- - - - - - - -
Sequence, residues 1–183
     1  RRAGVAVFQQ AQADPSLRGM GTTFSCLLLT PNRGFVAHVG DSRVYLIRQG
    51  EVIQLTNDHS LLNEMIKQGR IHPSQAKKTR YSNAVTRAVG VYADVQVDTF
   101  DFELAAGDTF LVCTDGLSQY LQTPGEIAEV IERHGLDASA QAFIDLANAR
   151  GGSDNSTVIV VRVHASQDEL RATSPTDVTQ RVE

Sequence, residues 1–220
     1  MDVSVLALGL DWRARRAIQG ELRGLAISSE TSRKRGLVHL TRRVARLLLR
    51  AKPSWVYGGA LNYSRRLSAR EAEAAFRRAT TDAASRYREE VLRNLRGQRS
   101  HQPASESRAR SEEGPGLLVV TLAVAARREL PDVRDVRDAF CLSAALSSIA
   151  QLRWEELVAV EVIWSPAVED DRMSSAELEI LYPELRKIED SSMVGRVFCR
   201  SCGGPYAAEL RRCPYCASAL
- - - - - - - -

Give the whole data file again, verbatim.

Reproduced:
Sequence, residues 1–183
     1  RRAGVAVFQQ AQADPSLRGM GTTFSCLLLT PNRGFVAHVG DSRVYLIRQG
    51  EVIQLTNDHS LLNEMIKQGR IHPSQAKKTR YSNAVTRAVG VYADVQVDTF
   101  DFELAAGDTF LVCTDGLSQY LQTPGEIAEV IERHGLDASA QAFIDLANAR
   151  GGSDNSTVIV VRVHASQDEL RATSPTDVTQ RVE

Sequence, residues 1–220
     1  MDVSVLALGL DWRARRAIQG ELRGLAISSE TSRKRGLVHL TRRVARLLLR
    51  AKPSWVYGGA LNYSRRLSAR EAEAAFRRAT TDAASRYREE VLRNLRGQRS
   101  HQPASESRAR SEEGPGLLVV TLAVAARREL PDVRDVRDAF CLSAALSSIA
   151  QLRWEELVAV EVIWSPAVED DRMSSAELEI LYPELRKIED SSMVGRVFCR
   201  SCGGPYAAEL RRCPYCASAL